Energy efficiency collaboratives vary greatly and are typically designed for a specific jurisdiction, making them hard to compare side by side. This guide seeks to highlight a few common elements and draw conclusions on the overall effectiveness of specific characteristics of collaboratives. This guide defines and examines four different types of collaboratives in terms of their origin, scope, decision-making method, membership, duration, available resources, and how they interact with and influence their respective commissions.
This guide identifies 12 best practices for policymakers, regulators, and program administrators to help building owners invest to increase the energy efficiency of multifamily affordable housing.
Among the many benefits ascribed to energy efficiency is the fact that it can help create jobs. Although this is often used to motivate investments in efficiency programs, verifying job creation benefits is more complicated than it might seem at first. This paper identifies some of the issues that contribute to a lack of consistency in attempts to verify efficiency-related job creation. It then proposes an analytically rigorous and tractable framework for program evaluators to use in future assessments.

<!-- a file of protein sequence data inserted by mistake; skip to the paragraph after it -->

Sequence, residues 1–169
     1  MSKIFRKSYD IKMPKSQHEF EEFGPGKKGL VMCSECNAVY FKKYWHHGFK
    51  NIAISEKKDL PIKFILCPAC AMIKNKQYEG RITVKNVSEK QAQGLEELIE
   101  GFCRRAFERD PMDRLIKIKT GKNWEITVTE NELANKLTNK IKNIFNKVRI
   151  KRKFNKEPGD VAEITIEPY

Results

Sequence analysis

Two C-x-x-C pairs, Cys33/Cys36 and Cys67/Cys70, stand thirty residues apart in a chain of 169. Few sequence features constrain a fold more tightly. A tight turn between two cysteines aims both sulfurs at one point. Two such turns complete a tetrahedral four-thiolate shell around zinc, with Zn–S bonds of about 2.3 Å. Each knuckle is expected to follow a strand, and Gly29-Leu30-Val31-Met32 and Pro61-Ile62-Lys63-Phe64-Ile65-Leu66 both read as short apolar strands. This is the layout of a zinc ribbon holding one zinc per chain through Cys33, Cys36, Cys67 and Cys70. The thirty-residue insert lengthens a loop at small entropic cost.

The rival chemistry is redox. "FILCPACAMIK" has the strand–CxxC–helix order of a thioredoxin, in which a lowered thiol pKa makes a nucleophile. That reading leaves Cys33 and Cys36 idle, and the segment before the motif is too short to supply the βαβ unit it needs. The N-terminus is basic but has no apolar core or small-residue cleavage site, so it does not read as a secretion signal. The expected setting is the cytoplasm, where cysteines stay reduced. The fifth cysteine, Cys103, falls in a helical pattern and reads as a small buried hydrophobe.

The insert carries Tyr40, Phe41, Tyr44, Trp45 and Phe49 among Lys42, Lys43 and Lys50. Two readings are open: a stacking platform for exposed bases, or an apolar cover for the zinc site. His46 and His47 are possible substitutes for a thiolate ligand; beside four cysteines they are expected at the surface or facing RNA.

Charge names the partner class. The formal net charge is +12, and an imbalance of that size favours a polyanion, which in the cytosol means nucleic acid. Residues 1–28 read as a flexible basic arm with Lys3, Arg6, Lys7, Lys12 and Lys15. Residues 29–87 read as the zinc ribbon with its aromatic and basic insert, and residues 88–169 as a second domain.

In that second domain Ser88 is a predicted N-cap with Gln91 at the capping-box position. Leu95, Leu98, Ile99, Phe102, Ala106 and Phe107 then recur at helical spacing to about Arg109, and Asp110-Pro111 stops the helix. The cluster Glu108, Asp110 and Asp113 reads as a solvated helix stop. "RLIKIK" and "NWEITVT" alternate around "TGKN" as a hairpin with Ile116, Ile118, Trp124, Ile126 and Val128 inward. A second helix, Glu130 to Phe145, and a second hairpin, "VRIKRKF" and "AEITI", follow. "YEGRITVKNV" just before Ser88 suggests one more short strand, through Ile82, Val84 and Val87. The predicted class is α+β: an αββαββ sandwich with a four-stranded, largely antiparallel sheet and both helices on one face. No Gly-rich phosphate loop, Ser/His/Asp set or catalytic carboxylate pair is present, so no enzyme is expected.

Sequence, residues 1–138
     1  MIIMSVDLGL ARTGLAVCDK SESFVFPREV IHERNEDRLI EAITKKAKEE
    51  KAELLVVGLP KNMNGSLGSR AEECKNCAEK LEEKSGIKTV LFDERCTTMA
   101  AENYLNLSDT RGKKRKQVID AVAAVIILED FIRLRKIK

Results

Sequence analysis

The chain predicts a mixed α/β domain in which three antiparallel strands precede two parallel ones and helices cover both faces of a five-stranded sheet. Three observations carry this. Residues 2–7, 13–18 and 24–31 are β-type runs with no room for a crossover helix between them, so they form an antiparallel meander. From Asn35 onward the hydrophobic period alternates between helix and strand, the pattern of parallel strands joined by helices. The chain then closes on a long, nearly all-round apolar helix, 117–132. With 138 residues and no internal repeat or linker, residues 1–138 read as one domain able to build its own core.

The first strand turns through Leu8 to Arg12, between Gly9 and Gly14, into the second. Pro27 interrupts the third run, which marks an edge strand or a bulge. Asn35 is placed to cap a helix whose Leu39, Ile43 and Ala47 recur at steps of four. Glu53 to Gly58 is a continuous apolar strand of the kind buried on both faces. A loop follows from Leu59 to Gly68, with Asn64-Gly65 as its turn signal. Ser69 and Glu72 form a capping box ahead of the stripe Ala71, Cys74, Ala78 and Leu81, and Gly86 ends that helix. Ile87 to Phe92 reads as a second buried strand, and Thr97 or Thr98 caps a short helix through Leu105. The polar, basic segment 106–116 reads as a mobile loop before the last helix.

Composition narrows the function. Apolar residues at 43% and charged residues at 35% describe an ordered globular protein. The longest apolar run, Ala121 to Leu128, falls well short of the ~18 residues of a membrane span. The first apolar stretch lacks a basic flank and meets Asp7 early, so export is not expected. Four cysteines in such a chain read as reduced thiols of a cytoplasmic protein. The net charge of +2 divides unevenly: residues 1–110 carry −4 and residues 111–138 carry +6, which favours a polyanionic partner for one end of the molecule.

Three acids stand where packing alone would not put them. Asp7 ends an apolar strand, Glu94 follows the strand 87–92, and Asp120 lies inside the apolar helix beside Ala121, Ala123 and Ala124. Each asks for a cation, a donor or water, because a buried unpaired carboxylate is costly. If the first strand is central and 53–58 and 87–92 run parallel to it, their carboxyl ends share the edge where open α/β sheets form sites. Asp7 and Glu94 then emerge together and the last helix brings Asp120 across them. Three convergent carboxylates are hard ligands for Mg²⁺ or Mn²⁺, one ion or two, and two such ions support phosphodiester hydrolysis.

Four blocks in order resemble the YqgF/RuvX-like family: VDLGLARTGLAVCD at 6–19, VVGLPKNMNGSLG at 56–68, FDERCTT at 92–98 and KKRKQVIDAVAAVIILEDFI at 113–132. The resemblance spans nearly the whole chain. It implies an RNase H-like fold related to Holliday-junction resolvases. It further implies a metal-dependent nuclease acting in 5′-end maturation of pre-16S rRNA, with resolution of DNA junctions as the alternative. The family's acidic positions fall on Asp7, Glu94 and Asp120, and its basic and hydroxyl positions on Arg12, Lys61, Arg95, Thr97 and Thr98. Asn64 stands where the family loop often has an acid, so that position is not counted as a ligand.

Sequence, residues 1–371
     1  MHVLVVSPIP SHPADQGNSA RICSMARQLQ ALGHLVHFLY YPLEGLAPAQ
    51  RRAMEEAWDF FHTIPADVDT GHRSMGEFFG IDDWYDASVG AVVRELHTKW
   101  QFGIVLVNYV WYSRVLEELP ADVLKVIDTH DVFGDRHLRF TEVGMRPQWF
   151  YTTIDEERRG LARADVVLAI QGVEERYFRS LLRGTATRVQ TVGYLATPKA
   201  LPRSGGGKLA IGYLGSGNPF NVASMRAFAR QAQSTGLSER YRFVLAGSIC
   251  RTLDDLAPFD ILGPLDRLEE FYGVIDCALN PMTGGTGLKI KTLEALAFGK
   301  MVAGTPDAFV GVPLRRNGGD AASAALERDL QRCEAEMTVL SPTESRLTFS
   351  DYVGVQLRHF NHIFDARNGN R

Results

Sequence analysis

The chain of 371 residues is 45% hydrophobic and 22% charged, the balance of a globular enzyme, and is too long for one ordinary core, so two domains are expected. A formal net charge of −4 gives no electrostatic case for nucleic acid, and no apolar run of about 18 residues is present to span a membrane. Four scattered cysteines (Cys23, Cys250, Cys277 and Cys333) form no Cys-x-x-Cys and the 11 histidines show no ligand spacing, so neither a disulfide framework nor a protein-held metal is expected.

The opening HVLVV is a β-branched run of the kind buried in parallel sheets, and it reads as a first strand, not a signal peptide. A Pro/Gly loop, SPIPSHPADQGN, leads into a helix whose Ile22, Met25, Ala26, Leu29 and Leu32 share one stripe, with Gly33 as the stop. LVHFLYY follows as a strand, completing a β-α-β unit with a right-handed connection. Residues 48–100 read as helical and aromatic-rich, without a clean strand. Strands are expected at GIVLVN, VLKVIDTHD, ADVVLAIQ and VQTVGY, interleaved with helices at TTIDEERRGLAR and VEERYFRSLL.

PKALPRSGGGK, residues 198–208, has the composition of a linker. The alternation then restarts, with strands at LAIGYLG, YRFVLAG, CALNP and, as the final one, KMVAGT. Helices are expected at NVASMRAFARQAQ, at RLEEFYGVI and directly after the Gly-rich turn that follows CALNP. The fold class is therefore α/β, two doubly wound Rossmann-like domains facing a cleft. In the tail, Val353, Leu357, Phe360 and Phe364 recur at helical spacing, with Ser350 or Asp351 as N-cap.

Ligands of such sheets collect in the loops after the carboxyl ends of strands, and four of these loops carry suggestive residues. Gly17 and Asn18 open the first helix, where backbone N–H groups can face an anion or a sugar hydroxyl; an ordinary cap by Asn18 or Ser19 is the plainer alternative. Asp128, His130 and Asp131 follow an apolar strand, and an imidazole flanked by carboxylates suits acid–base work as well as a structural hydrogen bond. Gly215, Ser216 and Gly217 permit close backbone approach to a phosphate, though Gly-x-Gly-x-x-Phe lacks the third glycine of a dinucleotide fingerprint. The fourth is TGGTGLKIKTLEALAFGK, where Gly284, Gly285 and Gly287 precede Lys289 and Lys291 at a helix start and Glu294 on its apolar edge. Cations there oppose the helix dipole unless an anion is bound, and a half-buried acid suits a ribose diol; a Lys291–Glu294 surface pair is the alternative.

This summary from a Better Buildings Residential Network peer exchange call focused on helping communities respond to natural disaster and incorporating energy efficiency into disaster recovery.
There are more than 17 million multifamily households nationwide, yet they remain a significant and mostly untapped opportunity for energy efficiency gains. Many cities and states that have embraced energy retrofitting as a job creator and boon to both the environment and economy have yet to address potential savings in multifamily properties, primarily because of obstacles not faced by single family and commercial properties. This paper discusses two barriers -- a lack of information and financing -- that stand in the way of multifamily energy retrofits.